1972: Electric Boat receives contracts for the design and development of the Ohio-class ballistic-missile submarine. These mammoth 560-foot ships will be built in a modular fashion, a process pioneered by EB.

1972: The company lays the keel for its first Los Angeles-class attack submarine, Philadelphia (SSN690).

1973: The company's Quonset Point Facility in North Kingstown, RI, is established.

1974: Production begins at Quonset Point, with an initial workforce of eight trainees and a handful of management personnel.

1975: Construction of EB's $150 million land-level submarine construction facility begins in Groton.

1977: The land-level submarine construction facility in Groton becomes fully operational.

1978: Construction of EB's $120 million automated frame and cylinder facility begins at Quonset Point.

1979: Electric Boat launches the Ohio (SSBN726), the first of an 18-ship class popularly known as Tridents.

1980: Quonset Point's automated frame and cylinder facility becomes fully operational.

1989: The company begins construction of Seawolf (SSN21), the lead ship in what will be the most advanced class of attack submarine in the world.

1991: Electric Boat wins the contract to build the second Seawolf submarine (SSN22), later named Connecticut.

1994: First lady Hillary Clinton christens Columbia (SSN771), Electric Boat's 33rd and final Los Angeles-class submarine. Columbia was also the last U.S. submarine to be launched in the traditional sliding fashion.

1995: Seawolf (SSN21) is christened by Margaret Dalton, wife of Secretary of the Navy John H. Dalton.

1996: Electric Boat receives a $1.4 billion contract to design the successor to the Seawolf class, the New Attack Submarine, now known as the Virginia class.

1996: At the completion of its initial sea trials, Seawolf (SSN21) is described as the fastest, quietest, most heavily armed submarine in the world.

1997: Electric Boat teams with Newport News Shipbuilding (now Northrop Grumman Newport News) to produce the Virginia Class of submarines.

1997: The Navy commissions USS Seawolf (SSN21).

1997: Electric Boat christens the second Seawolf-class submarine, Connecticut (SSN22).

1997: USS Louisiana (SSBN743), Electric Boat's 18th and final Trident submarine, is delivered to the Navy, bringing to a close what has been described as a model military procurement program.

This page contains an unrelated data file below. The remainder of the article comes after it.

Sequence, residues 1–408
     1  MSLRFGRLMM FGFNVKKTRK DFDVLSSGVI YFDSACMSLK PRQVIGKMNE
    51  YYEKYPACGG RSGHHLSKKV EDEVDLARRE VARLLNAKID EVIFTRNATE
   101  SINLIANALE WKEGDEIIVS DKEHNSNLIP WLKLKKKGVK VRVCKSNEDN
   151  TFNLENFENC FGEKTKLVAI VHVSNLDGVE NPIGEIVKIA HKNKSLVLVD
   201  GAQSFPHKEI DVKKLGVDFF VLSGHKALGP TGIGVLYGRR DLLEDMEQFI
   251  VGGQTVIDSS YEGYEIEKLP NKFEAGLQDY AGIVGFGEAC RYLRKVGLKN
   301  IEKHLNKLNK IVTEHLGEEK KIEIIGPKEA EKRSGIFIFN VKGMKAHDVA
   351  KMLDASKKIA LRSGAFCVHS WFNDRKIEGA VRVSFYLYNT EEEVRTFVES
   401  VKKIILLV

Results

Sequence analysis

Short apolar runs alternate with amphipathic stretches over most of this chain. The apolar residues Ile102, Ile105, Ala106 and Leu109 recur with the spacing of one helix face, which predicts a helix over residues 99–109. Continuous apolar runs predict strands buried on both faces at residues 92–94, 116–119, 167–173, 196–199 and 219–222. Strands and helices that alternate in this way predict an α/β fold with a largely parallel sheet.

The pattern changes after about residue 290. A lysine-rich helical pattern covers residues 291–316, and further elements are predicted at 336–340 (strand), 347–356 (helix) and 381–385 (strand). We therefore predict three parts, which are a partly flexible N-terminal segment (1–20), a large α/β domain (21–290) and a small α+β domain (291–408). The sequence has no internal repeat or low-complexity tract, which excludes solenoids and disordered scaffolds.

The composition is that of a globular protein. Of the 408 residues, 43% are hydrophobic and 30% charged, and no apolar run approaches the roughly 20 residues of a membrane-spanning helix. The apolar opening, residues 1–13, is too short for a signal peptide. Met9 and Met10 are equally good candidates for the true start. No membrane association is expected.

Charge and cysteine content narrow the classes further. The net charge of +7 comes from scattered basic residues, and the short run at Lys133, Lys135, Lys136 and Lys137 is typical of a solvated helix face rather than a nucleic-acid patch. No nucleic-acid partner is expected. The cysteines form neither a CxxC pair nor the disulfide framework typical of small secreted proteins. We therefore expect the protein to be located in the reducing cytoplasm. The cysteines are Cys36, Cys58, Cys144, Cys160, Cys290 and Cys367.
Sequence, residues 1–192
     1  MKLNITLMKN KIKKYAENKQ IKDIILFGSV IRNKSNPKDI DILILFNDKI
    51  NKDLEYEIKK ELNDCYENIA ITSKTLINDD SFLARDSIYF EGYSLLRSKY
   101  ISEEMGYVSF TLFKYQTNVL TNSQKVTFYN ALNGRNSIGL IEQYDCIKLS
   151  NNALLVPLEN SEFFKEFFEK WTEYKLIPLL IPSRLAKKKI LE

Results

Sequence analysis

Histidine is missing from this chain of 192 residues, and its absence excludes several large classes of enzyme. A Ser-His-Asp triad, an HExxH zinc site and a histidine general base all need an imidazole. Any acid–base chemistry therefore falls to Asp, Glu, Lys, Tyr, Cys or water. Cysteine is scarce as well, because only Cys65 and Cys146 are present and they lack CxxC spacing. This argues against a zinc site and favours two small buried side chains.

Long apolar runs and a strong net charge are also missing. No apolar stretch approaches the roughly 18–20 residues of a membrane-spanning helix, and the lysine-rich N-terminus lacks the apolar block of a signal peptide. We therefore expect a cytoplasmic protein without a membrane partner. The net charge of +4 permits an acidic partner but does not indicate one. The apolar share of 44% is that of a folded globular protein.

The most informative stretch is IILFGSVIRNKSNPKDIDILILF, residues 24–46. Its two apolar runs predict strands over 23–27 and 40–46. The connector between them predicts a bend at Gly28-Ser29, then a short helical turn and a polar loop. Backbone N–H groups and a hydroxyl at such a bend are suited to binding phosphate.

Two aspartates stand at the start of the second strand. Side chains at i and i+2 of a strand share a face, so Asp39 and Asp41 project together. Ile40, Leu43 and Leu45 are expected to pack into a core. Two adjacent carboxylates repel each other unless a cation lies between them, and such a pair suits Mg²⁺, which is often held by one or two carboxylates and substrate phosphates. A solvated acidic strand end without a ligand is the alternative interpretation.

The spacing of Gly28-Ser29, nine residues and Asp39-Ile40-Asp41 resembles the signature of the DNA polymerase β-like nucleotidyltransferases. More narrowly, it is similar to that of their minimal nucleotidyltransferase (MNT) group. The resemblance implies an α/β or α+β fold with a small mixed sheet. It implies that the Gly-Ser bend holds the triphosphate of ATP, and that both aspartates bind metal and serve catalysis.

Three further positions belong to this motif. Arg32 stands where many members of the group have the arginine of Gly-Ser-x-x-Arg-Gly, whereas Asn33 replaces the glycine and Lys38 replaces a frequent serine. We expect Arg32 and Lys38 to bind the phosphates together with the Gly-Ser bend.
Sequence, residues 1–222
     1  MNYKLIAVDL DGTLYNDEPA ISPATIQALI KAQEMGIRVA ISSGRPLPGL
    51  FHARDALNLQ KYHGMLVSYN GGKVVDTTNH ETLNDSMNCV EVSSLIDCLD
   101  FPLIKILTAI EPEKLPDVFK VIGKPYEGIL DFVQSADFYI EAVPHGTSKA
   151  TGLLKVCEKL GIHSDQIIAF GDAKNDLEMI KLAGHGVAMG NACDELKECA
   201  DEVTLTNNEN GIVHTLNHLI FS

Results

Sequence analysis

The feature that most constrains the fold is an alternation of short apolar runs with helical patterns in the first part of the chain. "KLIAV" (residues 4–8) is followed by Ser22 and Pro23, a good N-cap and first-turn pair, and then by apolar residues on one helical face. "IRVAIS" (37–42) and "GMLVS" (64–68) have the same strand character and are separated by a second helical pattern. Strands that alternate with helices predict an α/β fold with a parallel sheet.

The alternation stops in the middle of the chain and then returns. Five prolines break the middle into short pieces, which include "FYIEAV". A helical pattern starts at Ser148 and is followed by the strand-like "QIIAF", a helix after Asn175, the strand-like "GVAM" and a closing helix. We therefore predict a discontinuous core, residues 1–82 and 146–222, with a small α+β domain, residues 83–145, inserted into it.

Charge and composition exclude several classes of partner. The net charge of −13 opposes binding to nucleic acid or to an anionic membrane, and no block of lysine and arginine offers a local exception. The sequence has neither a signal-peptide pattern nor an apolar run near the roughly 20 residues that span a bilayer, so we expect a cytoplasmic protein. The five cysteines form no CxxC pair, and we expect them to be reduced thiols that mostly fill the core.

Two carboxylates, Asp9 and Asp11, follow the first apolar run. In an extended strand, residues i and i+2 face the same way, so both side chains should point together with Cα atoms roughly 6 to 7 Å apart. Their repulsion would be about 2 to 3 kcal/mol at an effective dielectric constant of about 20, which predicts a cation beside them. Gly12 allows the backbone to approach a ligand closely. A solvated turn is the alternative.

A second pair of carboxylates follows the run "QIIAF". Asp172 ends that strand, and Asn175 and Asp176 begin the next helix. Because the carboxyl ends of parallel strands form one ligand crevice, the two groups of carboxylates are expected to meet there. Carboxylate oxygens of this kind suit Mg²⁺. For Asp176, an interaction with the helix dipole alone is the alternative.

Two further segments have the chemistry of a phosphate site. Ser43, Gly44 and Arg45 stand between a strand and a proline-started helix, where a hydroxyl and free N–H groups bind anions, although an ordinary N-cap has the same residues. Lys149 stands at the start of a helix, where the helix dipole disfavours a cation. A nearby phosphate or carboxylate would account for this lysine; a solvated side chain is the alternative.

1998: Electric Boat receives a $4.2 billion contract to build the first four Virginia-class submarines. Construction is shared with teammate Northrop Grumman Newport News.

1998: Electric Boat delivers the second Seawolf-class submarine, Connecticut (SSN22), to the U.S. Navy.

1999: Electric Boat marks the centennial of its founding.

1999: U.S. Sen. John Warner of Virginia inscribes his initials on Virginia (SSN774) during a keel-laying ceremony at the Quonset Point Facility for the lead ship of the Navy's newest class of submarines.

1999: The U.S. Navy awards Electric Boat an $887 million contract to modify Jimmy Carter (SSN23) to accommodate advanced technology for special warfare and surveillance.

2000: The first hull section of Virginia (SSN774), the first of the U.S. Navy's newest class of nuclear attack submarines, arrives at the Groton shipyard. The 1,000-ton section was transported from Quonset Point.

2000: Electric Boat breaks ground for a $12.4 million automated steel-processing center at the Quonset Point Facility.

2001: The Quonset Point Facility's new automated steel-processing center is dedicated.

2002: Electric Boat receives a $443 million contract to design the SSGN, a conversion of the four oldest Ohio-class SSBNs into multi-mission submarines optimized for covert strike and special operations support.

2003: The Navy awards Electric Boat an $8.7 billion block-buy contract for six Virginia-class submarines, the largest submarine order in U.S. history. The contract is later converted to a multiyear purchase plan for five submarines.

2003: Electric Boat christens the Virginia (SSN774), first of its class.

2003: Electric Boat begins the SSGN conversions of the four oldest Ohio-class SSBNs into multi-mission submarines optimized for covert strike and special operations support.

2004: Electric Boat christens the Jimmy Carter (SSN23), the third and final Seawolf-class submarine, which has been modified for special warfare and surveillance.

2004: Electric Boat delivers both the Virginia (SSN774) and the Jimmy Carter (SSN23) to the U.S. Navy.

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Old 08-29-2010, 07:31 PM
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Heres another cool link If anyone has anything to add please do so:

http://www.cthistoryonline.org/cdm-c...arit_ship.html